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Missing home food? Deccan Diaries’ traditional masalas have got you covered

posted on 31st December 2018
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An increasing number of Indians are migrating to other cities in search of work or for studies. However, while fending for themselves, they often miss out on the home-cooked food they grew up eating. Looking at this phenomenon as a business opportunity, Bengaluru-based budding entrepreneur Poojitha Prasad (35) asked herself how she could turn these people into paying customers. The answer presented itself in the form of the spices and masalas used to cook South Indian food.

“Food today has lost its traditional taste and essence. I wanted to bring back the authentic taste of south Indian cuisine by bringing masalas and powders made from organically-grown products to a wider audience,” she says. “Many Indians who stay away from home are craving for such home food.I wanted to make an effort to reach out to them and ensure they have a satisfying meal everyday, and this could be done through the masala.”

In 2017, Poojitha made her dream a reality by launching Deccan Diaries in Bengaluru. The company makes and sells various blended spice mixes and masalas. With the help of her business partner Karthik Setloor (37), the bootstrapped organisation commenced operations with an initial funding of Rs 5 lakh. “The name Deccan Diaries represents stories from the South,” Poojitha explains. “There are many blends made in different households, so we wanted to bring all the recipes under one brand,” she adds.

“I have around nine years of experience working with top MNCs, and Karthik has 12 years of experience in UI, UX and advertising,” she adds. “Together, we had a lot of interest in traditional cuisine and wanted to bring back traditional taste, and hence, we started this venture.” 

In its first year, the business earned Rs 2 lakh, and made its own spice blends at a home facility to ensure fresh and authentic taste in food. It has also started supplying to retail stores, and was one of the first in the masala category to feature on Amazon Saheli in 2018.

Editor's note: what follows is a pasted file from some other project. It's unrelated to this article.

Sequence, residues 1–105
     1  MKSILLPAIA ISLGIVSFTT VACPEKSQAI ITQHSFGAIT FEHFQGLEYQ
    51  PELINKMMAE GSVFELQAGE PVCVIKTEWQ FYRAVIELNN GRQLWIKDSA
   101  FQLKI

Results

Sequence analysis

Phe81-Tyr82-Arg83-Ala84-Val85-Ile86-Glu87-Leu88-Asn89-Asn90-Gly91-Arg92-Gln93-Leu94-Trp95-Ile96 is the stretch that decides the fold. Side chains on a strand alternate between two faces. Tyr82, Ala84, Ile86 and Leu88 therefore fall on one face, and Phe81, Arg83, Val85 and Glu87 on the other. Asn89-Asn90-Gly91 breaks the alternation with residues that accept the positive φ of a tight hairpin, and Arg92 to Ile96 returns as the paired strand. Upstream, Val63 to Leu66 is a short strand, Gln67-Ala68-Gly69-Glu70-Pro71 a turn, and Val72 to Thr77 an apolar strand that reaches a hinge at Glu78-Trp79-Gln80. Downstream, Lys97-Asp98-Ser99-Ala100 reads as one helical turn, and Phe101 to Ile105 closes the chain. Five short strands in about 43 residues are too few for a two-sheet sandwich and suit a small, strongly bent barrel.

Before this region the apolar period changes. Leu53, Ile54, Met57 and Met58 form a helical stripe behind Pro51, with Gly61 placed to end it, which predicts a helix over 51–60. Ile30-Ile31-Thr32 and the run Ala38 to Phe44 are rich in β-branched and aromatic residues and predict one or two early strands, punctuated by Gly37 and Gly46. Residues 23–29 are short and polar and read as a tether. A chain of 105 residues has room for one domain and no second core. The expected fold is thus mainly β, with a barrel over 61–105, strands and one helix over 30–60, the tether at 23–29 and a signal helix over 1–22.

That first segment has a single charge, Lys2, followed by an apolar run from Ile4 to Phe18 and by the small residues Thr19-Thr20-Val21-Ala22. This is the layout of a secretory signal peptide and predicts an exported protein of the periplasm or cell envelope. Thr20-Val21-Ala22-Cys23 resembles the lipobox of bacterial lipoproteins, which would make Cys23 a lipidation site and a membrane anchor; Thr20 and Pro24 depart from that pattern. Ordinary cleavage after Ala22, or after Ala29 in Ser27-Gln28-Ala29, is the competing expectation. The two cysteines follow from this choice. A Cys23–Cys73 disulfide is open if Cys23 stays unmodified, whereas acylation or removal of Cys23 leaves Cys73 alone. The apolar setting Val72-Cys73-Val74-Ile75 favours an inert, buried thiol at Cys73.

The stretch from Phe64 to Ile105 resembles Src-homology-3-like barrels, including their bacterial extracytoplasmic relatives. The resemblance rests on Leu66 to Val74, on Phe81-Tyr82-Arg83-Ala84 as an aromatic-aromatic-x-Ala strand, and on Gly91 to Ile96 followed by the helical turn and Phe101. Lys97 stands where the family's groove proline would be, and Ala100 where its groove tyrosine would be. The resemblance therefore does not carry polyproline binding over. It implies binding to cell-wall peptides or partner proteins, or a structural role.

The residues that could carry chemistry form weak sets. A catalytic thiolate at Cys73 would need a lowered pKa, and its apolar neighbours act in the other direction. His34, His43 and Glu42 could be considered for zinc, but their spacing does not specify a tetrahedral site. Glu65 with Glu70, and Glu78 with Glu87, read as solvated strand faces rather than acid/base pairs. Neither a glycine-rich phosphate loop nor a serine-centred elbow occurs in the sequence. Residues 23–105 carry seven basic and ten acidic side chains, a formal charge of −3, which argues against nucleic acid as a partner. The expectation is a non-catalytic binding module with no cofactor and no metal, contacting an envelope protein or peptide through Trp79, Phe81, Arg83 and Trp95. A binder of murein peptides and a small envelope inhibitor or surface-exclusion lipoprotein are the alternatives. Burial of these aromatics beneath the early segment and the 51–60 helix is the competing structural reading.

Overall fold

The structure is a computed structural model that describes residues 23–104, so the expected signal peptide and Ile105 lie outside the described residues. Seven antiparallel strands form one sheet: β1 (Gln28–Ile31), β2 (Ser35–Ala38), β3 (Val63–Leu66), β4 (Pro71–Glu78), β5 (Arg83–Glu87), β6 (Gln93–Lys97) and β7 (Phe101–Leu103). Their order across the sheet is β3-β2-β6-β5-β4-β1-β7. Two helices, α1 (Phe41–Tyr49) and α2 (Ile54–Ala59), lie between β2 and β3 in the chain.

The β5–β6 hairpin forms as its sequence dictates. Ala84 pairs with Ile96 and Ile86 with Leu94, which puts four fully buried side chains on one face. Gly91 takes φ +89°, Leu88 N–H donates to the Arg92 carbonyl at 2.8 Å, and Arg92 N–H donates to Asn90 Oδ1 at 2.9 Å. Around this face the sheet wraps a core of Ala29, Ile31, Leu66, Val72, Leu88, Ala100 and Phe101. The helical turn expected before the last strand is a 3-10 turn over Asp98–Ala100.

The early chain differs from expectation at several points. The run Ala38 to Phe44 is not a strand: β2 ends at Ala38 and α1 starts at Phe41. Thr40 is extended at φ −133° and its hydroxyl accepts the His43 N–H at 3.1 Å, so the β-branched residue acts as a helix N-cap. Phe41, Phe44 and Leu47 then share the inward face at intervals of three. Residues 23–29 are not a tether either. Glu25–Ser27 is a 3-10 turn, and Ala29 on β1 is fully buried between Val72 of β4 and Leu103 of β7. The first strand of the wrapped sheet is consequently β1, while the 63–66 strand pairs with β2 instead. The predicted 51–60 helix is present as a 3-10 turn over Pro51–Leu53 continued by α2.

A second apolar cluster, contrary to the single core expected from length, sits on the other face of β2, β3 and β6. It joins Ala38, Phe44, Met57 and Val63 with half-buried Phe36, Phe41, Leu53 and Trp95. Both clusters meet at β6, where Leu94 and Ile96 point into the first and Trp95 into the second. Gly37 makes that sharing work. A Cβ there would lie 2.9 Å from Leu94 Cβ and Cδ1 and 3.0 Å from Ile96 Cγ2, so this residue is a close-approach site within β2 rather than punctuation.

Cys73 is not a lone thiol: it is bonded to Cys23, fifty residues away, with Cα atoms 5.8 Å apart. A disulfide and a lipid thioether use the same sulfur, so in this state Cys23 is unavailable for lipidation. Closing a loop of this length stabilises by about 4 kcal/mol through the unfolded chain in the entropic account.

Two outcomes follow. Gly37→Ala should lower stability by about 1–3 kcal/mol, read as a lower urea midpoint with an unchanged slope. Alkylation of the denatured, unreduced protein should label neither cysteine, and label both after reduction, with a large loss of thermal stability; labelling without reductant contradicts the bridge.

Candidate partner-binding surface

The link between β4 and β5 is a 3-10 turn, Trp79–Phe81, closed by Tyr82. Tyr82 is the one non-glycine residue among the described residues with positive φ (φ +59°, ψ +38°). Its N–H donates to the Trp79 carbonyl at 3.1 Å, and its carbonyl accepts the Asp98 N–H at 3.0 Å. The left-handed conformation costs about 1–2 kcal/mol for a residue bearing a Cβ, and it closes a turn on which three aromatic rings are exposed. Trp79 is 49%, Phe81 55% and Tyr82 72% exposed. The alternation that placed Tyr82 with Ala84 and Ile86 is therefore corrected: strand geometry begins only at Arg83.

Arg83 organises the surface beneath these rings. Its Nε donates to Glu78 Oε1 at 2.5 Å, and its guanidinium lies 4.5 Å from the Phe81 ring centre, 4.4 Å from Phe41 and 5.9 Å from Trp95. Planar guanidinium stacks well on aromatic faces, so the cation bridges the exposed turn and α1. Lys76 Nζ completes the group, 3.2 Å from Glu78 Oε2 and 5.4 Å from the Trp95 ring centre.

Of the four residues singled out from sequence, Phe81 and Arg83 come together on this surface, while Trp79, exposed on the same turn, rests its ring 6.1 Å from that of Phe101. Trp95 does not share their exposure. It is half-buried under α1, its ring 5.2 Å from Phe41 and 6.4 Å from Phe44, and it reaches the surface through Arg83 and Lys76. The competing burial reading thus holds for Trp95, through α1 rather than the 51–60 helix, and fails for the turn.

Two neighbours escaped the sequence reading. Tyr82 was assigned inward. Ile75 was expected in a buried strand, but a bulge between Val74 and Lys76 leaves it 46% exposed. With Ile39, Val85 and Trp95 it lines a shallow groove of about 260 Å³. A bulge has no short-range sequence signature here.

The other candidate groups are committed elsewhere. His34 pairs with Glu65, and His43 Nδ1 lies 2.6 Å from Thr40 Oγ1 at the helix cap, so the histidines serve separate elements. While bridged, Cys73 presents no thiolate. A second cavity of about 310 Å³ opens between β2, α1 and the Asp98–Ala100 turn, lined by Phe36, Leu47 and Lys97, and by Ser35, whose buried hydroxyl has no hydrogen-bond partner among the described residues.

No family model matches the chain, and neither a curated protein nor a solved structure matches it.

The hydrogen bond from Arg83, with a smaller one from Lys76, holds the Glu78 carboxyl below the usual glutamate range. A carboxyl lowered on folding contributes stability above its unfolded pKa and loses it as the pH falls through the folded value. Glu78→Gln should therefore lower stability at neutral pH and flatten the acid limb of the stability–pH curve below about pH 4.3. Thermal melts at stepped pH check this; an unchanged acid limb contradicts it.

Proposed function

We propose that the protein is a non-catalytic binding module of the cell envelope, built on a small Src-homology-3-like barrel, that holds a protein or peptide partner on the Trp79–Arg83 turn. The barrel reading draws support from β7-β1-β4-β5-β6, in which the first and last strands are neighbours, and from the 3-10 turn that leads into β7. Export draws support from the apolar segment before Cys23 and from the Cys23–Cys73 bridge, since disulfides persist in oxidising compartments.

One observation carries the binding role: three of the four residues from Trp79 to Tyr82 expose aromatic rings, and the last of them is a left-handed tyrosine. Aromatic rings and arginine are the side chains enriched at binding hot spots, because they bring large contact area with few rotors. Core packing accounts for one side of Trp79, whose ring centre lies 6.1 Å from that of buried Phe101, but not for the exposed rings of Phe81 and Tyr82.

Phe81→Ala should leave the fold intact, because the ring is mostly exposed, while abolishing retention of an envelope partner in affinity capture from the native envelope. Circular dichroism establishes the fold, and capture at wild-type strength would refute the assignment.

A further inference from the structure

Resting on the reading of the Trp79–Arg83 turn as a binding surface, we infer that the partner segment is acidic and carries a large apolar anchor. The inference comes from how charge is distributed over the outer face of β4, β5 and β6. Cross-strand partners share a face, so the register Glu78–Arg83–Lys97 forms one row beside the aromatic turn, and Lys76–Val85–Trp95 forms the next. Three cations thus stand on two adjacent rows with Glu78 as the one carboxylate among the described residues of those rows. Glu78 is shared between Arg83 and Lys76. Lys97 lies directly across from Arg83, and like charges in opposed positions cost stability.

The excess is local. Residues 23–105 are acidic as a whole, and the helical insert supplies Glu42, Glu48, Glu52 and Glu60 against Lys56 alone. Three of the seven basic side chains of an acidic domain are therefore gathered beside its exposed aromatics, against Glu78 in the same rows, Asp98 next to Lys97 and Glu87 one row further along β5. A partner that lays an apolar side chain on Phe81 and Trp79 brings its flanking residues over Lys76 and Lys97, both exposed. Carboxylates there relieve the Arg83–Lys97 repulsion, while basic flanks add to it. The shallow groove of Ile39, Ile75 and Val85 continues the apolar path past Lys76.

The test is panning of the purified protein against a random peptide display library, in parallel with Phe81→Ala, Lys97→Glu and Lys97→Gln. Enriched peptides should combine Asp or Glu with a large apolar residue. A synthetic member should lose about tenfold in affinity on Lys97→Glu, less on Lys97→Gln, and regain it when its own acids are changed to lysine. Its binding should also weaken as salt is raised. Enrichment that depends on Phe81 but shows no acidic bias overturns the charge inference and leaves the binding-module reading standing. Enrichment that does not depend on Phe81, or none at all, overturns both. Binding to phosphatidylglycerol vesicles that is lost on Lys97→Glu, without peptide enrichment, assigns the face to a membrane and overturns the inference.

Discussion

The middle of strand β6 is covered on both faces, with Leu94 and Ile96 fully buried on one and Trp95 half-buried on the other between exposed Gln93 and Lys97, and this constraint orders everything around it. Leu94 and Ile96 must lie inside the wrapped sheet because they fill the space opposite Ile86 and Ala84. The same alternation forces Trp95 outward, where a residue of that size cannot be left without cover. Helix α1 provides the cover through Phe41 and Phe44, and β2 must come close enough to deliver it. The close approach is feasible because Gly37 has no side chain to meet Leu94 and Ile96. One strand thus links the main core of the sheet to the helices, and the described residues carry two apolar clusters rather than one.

“Only after we received a good response, we increased the range of products from three to eight in the same spice blends category. We also started approaching organic stores as well as Amazon, who all helped us in spreading the word about the brand,” she says.

Poojitha (left) selling Deccan Diaries masala to Ratna Prabha (right), ex-Chief Secretary to the Chief Minister, Karnataka

Poojitha (left) selling Deccan Diaries masala to Ratna Prabha (right), ex-Chief Secretary to the Chief Minister, Karnataka

From next year, Deccan Diaries plans to set up a bigger distribution network and become profitable. “In addition to this, we want to make it a global brand and a household name in India, which is run entirely by women,” Poojitha explains. At the moment, she isn’t very far off the mark when it comes to employing women.

Deccan Diaries presently employs a team of women to handle manufacturing, production and packaging. “We specialise in providing employment for women. We have got many reviews from customers which helps us understand their requirements and adjust accordingly. Customers are happy that the product has authentic flavours rather than just spice,” she says proudly.

Now, the challenge for Deccan Diaries is to scale up while maintaining product quality. Poojitha maintains the opportunity is huge since India is the largest market for spices. “As per a study in 2017, the Indian spices market is worth Rs 40,000 crore annually, and is projected to reach $18 billion by 2020. Deccan Diaries also has strict quality standards and ensures we trade with the best quality organic farmers in Karnataka,” she says.

For her, the key is to ensure all the spices are slow roasted to make them flavorful. At the same time, she also has to oversee product freshness. Multitasking seems to be the way ahead for the business, which also has to plan for storage, get investments to increase production, and set up distribution channels. Poojitha’s top three leadership lessons, she hopes, can help her navigate through complexities. “Keeping employees, delegation of work, and staying on top of operations is critical to success,” she says.

“I advise all businesses in this sector to start really small, with minimal investment, understand the target market, and only then put in big money,” she adds. “For this sector, we require help from the government in terms of investments, reduced or subsidised rates for warehouse and equipment for women entrepreneurs, and a channel where we can get our queries about exports and licenses answered.”

(This story is published in partnership with the MSME Ministry to showcase success stories of SMEs)‍

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